If art is about transforming experiences, broadly writ, into work, then this process takes time. It can be now, later, or never. Artists respond to some experiences immediately, their work rapidly rebounding off a moment and bouncing around in the world. Others need time, and their work requires current experience to drive deep, settle within the bedrock, enmesh with the roots, and smolder. For still others, now is not a time to make things at all, but rather to tend to themselves and others, or to just pay attention and be quiet.
Many initial responses from the arts community were pandemic this and pandemic that. Insert title here. I made a few myself. This was well before we knew where we were, what this is. We still don’t fully know. Rivers of culture, politics, and commerce are being rerouted yet we have no clear visibility on it. Unless it is strongly felt or thought, or an unavoidable compulsion and flowing of images, sounds, words, and ideas, then it may suit us to be still. To wait. To ponder, fester, and broil. To pay very close attention from multiple angles, and then question the vantage points on which our angles rely.
That said, contemporaneous responses to experiences both internal and external can evoke the feeling of the moment and, in hindsight, have the benefit of reminding us what it felt like to be situated there, translated through the processes of the artist. For some, it’s not a question or an option. It is unavoidable. It may be messy quarantine inspired sketches, ephemeral experiences and objects, or networked folk art, as some have described. Whatever it is it has the value of now. But nowness can vary in its meaning and value. It can be tone deaf, myopic, or worse, just like everything else we make. Still, despite its immediacy, work created in the moment can sometimes get it exactly right.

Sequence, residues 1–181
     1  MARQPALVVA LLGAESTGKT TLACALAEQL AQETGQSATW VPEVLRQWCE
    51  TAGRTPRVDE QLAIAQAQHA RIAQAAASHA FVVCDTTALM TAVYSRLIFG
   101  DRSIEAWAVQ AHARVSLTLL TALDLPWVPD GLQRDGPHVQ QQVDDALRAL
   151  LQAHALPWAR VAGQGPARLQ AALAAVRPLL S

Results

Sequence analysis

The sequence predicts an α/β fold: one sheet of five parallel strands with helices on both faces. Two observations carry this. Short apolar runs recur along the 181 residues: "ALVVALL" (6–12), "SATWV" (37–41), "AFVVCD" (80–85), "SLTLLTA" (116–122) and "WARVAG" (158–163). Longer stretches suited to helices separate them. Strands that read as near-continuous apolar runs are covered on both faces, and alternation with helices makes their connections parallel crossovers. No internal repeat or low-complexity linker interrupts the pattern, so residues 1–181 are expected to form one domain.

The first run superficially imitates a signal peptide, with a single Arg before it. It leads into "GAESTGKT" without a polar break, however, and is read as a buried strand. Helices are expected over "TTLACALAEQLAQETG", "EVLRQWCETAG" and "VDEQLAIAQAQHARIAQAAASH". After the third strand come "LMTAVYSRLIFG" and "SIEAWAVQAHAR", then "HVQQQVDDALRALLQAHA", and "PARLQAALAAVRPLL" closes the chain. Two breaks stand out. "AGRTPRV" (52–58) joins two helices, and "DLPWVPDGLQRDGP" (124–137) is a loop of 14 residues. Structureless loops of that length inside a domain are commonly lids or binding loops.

I had an immediate reaction at the beginning of the pandemic: a four-part epic (I imagined) transmedia poem with images and live streaming elements. That was early March. It felt fresh and captured my sense of the moment — the initial disorientation, naïveté, and all. Conversely, years ago I lived through a series of disasters in Los Angeles — fires, riots, earthquakes — and was able to draw on them only recently in my creative work. They were too big, the experiences too rich and complex to transform quickly. How they fed the work and resonated with the current world were not apparent until now.
This is common: creative work that takes its time to appear. There’s an experience, a set of thoughts, images, feelings, any number of things that sit and stir, unresolved. They wait for the right moment to develop into the proper size, feeding off other experiences and prior work. Experiences are often well beyond us in scope and import, and we can only grasp little pieces of them. Sometimes these bits are like metaphors and stand in for the whole. Other times fragments connect with others to form a statement. Work that develops over time like this can feel resolved, like a grouping of complex shapes, chords, colors or textures that sit exactly as they should.
If you are driven to do work, if you are the agent and servant of the work, if artistic practice is unavoidable, then you are busy right now whether you are actively making things or not — taking it all in or letting it all out. If it’s about attention, or if attention and drive are commingled as they often are, now would be a good time to sort that out.
As we navigate this new world, elements of which will persist and unfold unpredictably into what comes next, it is worth distinguishing between the immediate work of rapid reconfiguring and the longitudinal work of deep planting. This distinction may help us frame internal and external pressures to exploit the current situation. The weight of the moment is immense and its evolving meaning largely impenetrable, yet the pressure to make is ever-present. Now is the time to question all the ordinary dynamics of pressure, their source, and to understand the varieties of creative processes within ourselves. It’s our choice, in our work, to either ignore this experience, to decorate around it, to pay close attention and absorb it for the future, or to reflect it without varnish in the now.
Dean Terry is a transmedia artist, director of Therefore art & performance group, and professor of arts and technology at UT Dallas. He is currently writing a book on creativity and technology. Twitter & Instagram: @therefore